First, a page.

Never underestimate the power of a woman…especially Viola Davis. Director Gina Prince-Bythewood (The Secret Life of Bees) makes her fierce starring in this brutal, heart-pounding action epic, yet there is tenderness and camaraderie that elevates this piece above another action flick. It’s been likened to a female version of Black Panther, but, maybe, in some ways better.
The story revolves around Viola Davis’ character, Nanisca, the veteran general and leader of the Agojie. She has no magical powers except her inner and physical strength honed, along with the rest of the cast, 9 months of extreme rigorous training. High intensity workouts included 3 hours of martial arts and even more weapons training. Having gone through this rigorous prep, Davis boasts feeling like a “badass.” Not only are these Agojie women strong, they’re strikingly beautiful, even in combat.
In actuality, they were an elite squad of all-female warriors pledged to protect the security of the Dahomey kingdom and their monarch, King Ghezo (John Boyega). And the Agojie inspired the fictional Dora Milaje warriors in 2018’s Black Panther. This historically-based West African epic set in 1823 is based on the true story of one of the most powerful states of Africa in the 18th and 19th centuries.
Maria Bello told Viola Davis she had her in mind for this film when they met at an awards program several years ago. Bello and Dana Stevens created the story and screenplay. They have reimagined to new levels, the well-worn concept of a hero taking on an impossible fight. It is complicated, layering stories of warring factions, retribution, sexual violence, family abandonment, and the slave trade of Africans.
The axis of the story’s conflict centers on the threat to the Dahomey kingdom from the rival Oyo empire. The more powerful Oyo have been shaking down the Dahomey to pay for an uneasy peace. One of the treasures King Ghezo pays to the Oyo are some of his own people who are then sold to European slave traders. Nanisca has had enough and vows to stop this barbarism. Nanisca’s supporting warriors include Amenza (Sheila Atim, who we saw with Halle Berry in Bruised) and the exotic, Isogie (Lashana Lynch).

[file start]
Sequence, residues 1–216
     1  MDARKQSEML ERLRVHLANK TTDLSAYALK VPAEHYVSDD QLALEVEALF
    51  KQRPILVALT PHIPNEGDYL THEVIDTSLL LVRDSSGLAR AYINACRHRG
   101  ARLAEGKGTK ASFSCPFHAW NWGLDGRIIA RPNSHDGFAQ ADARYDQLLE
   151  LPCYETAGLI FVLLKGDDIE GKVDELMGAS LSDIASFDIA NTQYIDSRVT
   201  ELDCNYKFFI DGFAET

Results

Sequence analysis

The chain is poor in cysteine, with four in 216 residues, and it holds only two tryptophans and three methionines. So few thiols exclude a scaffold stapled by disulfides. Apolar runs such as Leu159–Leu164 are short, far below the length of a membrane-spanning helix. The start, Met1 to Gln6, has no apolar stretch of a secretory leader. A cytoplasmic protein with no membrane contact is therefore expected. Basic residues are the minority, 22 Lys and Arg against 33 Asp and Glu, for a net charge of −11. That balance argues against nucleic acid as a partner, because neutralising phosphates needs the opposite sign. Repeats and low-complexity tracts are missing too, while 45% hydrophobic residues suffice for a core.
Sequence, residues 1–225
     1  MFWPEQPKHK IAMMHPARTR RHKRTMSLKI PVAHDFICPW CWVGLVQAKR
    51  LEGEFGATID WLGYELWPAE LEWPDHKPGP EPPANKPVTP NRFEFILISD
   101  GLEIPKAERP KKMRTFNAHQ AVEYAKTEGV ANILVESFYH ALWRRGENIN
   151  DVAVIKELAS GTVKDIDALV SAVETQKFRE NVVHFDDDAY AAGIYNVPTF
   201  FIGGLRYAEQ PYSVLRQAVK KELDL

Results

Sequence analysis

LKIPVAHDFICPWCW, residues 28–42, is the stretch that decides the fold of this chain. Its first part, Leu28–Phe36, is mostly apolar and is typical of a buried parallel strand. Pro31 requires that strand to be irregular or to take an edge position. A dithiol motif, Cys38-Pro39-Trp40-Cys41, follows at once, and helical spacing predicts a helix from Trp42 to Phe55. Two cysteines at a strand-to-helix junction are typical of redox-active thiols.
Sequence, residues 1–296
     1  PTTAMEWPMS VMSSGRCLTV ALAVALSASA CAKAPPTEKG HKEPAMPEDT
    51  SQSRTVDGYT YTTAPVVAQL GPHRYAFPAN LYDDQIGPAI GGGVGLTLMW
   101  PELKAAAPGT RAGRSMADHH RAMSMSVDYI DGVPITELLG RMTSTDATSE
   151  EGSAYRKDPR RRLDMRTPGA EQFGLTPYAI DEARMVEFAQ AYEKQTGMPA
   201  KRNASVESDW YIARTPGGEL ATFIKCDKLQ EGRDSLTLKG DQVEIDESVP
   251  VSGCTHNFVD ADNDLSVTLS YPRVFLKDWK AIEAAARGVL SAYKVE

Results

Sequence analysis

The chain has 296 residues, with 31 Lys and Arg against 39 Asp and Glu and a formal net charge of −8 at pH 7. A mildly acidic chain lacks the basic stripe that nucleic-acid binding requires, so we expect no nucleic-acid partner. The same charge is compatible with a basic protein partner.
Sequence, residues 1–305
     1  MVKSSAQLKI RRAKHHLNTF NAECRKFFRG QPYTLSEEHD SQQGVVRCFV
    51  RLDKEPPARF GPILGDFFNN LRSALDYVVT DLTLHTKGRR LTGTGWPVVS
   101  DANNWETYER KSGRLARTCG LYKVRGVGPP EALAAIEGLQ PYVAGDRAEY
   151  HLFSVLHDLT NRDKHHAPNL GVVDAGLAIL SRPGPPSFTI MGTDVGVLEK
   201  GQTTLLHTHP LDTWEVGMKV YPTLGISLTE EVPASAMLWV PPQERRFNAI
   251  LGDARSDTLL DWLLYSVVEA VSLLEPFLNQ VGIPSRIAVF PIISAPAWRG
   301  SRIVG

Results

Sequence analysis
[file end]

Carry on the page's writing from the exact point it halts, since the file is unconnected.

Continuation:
Nanisca has a very personal reason for wanting to destroy the Oyo’s brutal general Oba Ade (Jimmy Odukoya). As a young woman, Oba Ade captured Nanisca and repeatedly beat and raped her. Even though Director Prince-Blythewood effectively shows it ithrough short-bursts in flashback, it is still disturbing to watch.
The film begins with backstory on Nawi (Thuso Mbedu – Underground Railroad and Shuga TV series), the young orphan raised by a guardian who wants to marry her off to an abusive older man for money. She objects and flees coming upon women in combat training. Nawi is inspired to join the Agojie to become a worthy soldier trained by hard core, driven leader, Nanisca. They bond and once the slightly built Nawi proves herself, she joins the women willing to sacrifice everything to fight for their lives and the Dahomey people. Nanisca is the revered brain of the operation, even though she bumps heads with her King Ghezo over strategy. Boyega tries to be regal, but comes off weak.
The set and costume design is detailed and vibrant. Hair and makeup are exquisite. When these women fight, you feel as if you’re right there, in the middle of the action furiously battling their male enemies. Their scenes are bloody, but you’ll be cheering for these female warriors, hell-bent on nothing short of complete victory.
Even though there is a thread where Nawi strikes up a budding relationship with a European whose mother came from Dahomey, we were glad that it didn’t take the predictable turn for young women. Nawi gets to remain her own person.
Bello’s long love and respect for African culture and history comes through in every frame. Maria Bello rightly envisioned Viola Davis as the embodiment of female strength, intelligence and empathy in this film. Director Prince-Bythewood, and writers Bello and Stevens deliver a completely new way of rooting for a mature woman instead of a man as an action hero and Davis uses every inch of her strength and talent to prove it in this film.
Sony Pictures 2 hours and 6 minutes. PG-13
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